research has shown that whitetails have five peak movement periods during a 24 hour period: dawn, dusk, twice during the night, and once at midday.
At dawn and dusk, they generally move between their bedding and feeding areas.
In the night they are switching between feeding and cud-chewing while bedded near the food sources.
Finally, at midday, they tend to shift bedding areas. This may be no more than shifting beds within a small area or relocating a half-mile away. It has been my experience that the midday movements which cover more than one hundred yards are the result of deer moving closer to their evening food sources.
3. Putting it all Together
With these movement patterns in mind, we can surmise that the beaten-down trail running through the woods that connects two bedding areas is used mainly during the midday hours. Furthermore, by gauging the level of buck sign, or lack thereof, we can determine if this trail is used primarily by bucks or family group members.
So, if we want to harvest a mature buck and we conclude that this is primarily used by does we would leave this stand site alone until the rut rolls around.
During the rut, this stand might be an exceptional location to intercept bucks as they travel between bedding areas in search of receptive does or as they trail them between bedding areas. Now, due in part to the midday movement of does, would also be a good time to employ an all-day vigil at this location.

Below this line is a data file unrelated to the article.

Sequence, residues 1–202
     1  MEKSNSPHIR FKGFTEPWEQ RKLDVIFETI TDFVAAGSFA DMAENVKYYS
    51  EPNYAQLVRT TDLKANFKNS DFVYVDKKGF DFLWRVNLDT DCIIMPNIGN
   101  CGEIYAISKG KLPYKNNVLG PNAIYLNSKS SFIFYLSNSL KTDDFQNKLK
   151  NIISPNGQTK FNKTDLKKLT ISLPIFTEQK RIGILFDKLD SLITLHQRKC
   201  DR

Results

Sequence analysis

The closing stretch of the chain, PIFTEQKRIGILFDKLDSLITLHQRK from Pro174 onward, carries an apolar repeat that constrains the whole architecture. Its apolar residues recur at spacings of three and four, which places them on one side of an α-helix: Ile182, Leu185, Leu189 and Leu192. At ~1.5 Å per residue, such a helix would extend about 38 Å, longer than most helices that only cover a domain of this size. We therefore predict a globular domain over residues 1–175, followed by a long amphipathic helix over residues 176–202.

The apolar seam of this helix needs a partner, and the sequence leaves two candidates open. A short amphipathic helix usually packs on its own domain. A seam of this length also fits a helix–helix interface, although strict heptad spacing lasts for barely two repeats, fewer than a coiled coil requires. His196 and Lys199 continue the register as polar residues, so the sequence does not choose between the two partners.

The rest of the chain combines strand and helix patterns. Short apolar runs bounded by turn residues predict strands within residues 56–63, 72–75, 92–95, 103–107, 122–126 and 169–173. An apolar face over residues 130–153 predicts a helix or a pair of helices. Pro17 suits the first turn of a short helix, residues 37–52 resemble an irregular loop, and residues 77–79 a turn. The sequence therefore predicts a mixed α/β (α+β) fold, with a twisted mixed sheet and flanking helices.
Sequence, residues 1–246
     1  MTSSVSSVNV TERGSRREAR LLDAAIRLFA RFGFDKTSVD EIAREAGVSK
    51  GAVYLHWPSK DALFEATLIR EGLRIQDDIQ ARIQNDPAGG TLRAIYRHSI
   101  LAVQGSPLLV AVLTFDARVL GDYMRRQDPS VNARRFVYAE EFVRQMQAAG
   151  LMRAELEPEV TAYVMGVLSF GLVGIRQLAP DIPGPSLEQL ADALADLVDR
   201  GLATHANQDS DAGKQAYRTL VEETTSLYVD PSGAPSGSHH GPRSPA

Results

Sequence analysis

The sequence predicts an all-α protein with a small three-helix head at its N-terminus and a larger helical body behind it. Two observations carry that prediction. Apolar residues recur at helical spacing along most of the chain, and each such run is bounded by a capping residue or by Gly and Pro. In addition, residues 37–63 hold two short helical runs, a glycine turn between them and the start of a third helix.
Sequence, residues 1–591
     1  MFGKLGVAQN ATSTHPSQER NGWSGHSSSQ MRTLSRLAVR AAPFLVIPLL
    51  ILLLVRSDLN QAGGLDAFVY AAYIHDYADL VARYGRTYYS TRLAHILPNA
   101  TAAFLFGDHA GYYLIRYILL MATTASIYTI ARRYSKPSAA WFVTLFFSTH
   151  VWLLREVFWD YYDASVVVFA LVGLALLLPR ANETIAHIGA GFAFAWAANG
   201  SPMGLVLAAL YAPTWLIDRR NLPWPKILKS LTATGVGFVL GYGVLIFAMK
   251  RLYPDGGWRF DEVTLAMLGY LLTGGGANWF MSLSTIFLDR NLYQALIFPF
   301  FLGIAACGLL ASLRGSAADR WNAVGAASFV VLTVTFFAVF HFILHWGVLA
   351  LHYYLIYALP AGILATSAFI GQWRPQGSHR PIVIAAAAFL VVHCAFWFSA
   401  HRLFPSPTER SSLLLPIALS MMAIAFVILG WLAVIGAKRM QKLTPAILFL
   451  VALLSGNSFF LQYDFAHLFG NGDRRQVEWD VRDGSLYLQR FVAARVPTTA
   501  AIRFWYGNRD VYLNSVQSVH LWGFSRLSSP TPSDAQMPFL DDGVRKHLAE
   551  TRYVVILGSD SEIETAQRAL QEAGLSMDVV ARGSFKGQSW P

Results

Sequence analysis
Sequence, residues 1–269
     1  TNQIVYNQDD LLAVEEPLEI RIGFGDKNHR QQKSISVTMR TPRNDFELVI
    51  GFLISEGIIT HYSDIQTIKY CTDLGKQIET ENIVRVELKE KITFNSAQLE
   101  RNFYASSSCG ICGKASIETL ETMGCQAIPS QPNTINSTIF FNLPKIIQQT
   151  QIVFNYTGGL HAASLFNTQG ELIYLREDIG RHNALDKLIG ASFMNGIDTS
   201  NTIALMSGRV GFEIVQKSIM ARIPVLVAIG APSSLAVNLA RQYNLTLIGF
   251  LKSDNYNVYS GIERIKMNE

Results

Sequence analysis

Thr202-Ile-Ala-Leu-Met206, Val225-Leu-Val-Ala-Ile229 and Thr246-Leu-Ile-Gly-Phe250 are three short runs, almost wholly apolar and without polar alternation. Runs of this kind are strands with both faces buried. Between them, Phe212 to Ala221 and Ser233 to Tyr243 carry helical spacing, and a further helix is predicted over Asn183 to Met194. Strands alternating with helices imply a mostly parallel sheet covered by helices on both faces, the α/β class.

On the other hand,
if this trail is sprinkled with buck sign we could approach it differently. In the early pre-rut period we could sit near a food source in the morning, move back to this trail during midday, and shift back to the food source as evening approaches.
Despite the influx of research on how the moon, weather patterns, ect., affect deer movement, I have always believed that the single best time to be in the woods is whenever you can be.
By using this strategy, it is possible to hunt natural movement throughout the entire day in a period other than the rut. Unfortunately, proper scouting techniques demand an article all of its own to do it justice.
For now, lets just say that the best time of year to put in those scouting efforts is between the end of the last day of the season and the beginning of summer. Although it can happen, it is rare for any damage done this time of year to have a detrimental effect that lasts into next season. At a minimum, if it is critical to scout in-season, confine these efforts to midday hours, employ the same scent reduction techniques as if you were actually hunting, steer clear of those bedding areas, and do your best to interpret why and when this sign was actually left.
4. Study Deer
My last point in this introductory article is to make a conscious effort to study the deer you see while hunting. Many hunters see and shoot deer, few actually study what they are doing as they pass through the woods.
When watching a doe, fawn, or young buck-passing your stand, note
which plants they nibble at,
what their body language is telling you,
which areas of cover they cling to,
how they use the topography, etc.
If you are astute, they will provide you with pieces to the greater puzzle. The more pieces we have the easier it is to see the big picture and apply it to other situations as well the understanding the current one better.
Although my next piece will go into detail on other methods that will aid in “becoming a student of white-tailed deer”, there is no better place to begin than with scouting and studying deer. These are the foundation upon which our knowledge base should be built. The stronger our foundation, the great our potential knowledge base can become. Till next time.